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Win the supply-chain war with a strong business-process integration plan

Win the supply-chain war with a strong business-process integration plan

Integration isn’t any single product, but rather a philosophy, or architecture, that envelopes people, processes and technology. It’s as much a way of thinking—an approach to business and IT projects—as the middleware products that let users build service-oriented architectures (SOAs), enterprise service buses (ESBs) and the modernization suites that extend and expose existing business functionality through rich Internet applications and other user-targeted experiences and mediums.

Industry analysts often talk about the benefits of integrating IT systems: the nirvana of so-called end-to-end business processes. Such integration enables CIOs and IT directors to drive through business-process-optimization projects and give business managers the capability to look at customers, suppliers and all manner of business metrics from one comprehensive dashboard.

BPI by the Numbers

According to a 2008 study, the worldwide application, infrastructure and middleware software market revenue grew to $14.1 billion (£7 billion) in 2007—an increase of 12.9 percent on the previous year. The study also found that growth has been driven by strong demand for products that support process-centric applications and SOA.

According to other analyst surveys, the perceived technical and business benefits to business and systems integration are changing. For example, in 2006, improving competitive edge was the biggest business benefit of integration (67 percent). By 2008, improving consistency of service (72 percent) was regarded as the main benefit, according to a study (http://tinyurl.com/y8ph7kn). Larger companies are more likely to name a reduction in transaction costs (71 percent) and helping the organization meet regulatory compliance (61 percent) as a benefit of integration. Views on the technical benefits of integration have also changed. In 2006, 67 percent of IT decision-makers considered the consolidation of systems as the main technical benefit. Two years later, the capability to rapidly adapt IT to changes in the business was seen as the top technical benefit (70 percent), followed by consolidation (62 percent).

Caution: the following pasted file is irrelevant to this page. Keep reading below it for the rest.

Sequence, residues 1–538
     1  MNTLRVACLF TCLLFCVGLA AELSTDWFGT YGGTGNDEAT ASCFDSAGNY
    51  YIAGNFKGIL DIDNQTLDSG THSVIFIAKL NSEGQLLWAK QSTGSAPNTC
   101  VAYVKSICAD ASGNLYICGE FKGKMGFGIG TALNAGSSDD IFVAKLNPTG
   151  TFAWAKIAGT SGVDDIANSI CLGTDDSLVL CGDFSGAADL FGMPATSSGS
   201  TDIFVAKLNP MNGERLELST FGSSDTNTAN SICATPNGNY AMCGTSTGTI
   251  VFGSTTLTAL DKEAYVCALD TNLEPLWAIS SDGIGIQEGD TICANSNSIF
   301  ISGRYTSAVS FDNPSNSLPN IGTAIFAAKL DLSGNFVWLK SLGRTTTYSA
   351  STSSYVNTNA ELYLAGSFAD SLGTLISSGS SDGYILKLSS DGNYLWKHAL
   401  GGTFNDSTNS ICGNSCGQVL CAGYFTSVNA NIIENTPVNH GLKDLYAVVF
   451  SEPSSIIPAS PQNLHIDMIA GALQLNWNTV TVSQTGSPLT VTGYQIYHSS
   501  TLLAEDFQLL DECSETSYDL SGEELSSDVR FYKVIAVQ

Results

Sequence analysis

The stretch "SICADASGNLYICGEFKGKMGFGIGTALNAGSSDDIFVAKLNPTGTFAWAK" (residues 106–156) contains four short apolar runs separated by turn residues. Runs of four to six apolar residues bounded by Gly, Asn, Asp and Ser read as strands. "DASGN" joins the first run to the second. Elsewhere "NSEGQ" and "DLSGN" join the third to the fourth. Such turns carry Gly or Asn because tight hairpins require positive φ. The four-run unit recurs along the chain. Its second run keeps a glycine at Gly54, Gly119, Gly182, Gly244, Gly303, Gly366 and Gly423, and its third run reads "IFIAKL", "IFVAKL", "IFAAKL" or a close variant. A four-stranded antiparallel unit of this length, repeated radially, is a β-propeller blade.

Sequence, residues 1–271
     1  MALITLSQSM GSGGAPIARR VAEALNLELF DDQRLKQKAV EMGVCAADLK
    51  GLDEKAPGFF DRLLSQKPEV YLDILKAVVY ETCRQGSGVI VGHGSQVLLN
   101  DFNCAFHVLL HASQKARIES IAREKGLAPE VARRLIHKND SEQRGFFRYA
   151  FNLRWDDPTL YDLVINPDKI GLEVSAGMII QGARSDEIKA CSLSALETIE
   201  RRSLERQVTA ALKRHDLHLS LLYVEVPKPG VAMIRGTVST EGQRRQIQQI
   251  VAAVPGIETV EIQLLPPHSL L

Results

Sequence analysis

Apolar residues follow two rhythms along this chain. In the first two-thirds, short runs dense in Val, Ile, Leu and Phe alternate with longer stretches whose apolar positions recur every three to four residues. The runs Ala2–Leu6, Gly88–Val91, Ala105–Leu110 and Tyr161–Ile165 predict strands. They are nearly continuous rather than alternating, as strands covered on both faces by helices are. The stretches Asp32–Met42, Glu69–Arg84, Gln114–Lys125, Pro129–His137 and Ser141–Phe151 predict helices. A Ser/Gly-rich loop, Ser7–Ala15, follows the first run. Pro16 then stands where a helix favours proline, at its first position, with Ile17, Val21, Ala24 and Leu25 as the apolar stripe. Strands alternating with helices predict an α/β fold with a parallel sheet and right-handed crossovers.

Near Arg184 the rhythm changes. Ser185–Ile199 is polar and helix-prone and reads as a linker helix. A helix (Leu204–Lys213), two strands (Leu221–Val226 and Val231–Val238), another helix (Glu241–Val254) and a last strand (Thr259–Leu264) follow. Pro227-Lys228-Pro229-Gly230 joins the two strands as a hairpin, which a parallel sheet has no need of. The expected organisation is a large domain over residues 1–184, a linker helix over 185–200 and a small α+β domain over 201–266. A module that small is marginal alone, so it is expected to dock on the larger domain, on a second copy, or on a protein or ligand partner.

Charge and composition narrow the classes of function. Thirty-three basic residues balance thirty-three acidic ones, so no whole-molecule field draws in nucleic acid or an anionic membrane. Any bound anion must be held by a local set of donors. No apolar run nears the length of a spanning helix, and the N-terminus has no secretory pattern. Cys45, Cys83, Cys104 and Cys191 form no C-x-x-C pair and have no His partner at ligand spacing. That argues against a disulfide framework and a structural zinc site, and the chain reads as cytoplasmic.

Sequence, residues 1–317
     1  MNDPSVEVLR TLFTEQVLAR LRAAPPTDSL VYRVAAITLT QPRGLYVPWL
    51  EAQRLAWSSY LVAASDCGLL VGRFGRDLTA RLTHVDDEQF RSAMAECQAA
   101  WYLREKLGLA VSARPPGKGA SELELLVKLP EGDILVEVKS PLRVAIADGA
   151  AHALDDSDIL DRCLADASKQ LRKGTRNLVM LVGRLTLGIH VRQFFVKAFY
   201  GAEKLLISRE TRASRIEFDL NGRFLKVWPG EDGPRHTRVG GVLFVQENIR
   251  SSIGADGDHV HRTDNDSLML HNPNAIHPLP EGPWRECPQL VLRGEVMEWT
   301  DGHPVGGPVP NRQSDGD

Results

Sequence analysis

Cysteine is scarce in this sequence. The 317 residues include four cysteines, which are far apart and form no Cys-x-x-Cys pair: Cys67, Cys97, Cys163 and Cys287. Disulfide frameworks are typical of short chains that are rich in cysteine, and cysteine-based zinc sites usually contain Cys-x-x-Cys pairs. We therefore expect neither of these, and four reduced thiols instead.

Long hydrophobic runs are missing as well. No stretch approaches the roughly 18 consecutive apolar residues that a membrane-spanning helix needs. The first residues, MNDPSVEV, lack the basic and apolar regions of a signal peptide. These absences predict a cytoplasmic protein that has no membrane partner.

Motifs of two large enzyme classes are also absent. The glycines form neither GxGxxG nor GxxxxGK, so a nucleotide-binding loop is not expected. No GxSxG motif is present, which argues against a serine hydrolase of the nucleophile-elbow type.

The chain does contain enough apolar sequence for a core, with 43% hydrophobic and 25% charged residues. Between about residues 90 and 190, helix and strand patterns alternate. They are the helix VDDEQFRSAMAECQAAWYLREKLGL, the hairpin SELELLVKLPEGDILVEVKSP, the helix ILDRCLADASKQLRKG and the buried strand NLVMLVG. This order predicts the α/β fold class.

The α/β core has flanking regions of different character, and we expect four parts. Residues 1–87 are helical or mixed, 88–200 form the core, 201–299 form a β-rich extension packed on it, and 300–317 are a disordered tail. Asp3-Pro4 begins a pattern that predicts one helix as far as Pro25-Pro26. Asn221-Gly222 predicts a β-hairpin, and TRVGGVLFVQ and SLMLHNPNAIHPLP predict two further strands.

In the past, the supply chain relied heavily on people and manual, paper-based linear interactions, which often resulted in miscommunication between the stakeholder’s front- and back-end processes. The supply chain has re-engineered itself over the past two decades and IT has been instrumental in this transformation. Today’s supply chain is a sophisticated, collaborative global marketplace linking manufacturers, warehouses, wholesalers, exchanges, retailers and consumers.

IT has brought a host of benefits to supply-chain management: communications, the capability to overcome language barriers and time-zone differences, Just In Time techniques, production and distribution planning, logistics, and business intelligence. The biggest benefit technology has given the supply chain is collaboration. These collaborations are designed to mutually benefit all parties within the chain. For example, a consumer-goods supplier can link up via the Internet to one of its distributors whenever supply volumes become low and automatically place an order. This means the distributor never has to worry about running out of a product and disappointing customers—and the supplier doesn’t have to worry about maintaining a large inventory in expectation of demand. Similar systems have also been constructed to send out multiple requests to vendors when an order is placed. Collaborating this way makes for better use of existing resources and paves the way for a larger profit margin on all sides of the equation.

Dermot O'Doherty is the director of strategy and solutions at LANSA.



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